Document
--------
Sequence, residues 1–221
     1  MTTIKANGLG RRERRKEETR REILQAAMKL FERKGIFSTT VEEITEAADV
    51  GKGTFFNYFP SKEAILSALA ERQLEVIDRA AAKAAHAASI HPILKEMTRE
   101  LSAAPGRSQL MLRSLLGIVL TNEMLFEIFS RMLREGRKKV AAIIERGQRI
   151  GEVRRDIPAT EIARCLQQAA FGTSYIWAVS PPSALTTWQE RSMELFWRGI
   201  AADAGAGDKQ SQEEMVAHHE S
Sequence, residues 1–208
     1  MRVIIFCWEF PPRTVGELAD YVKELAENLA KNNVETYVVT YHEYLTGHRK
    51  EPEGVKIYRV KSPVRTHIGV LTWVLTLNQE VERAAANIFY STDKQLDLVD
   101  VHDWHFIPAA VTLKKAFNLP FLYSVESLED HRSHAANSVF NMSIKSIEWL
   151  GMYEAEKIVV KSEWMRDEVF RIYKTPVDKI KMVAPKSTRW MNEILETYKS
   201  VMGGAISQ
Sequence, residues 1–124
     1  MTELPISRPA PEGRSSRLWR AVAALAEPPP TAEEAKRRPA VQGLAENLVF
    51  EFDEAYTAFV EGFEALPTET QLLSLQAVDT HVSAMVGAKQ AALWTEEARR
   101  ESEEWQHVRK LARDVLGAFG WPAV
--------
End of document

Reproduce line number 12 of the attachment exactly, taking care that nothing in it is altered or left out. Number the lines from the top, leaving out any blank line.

   201  VMGGAISQ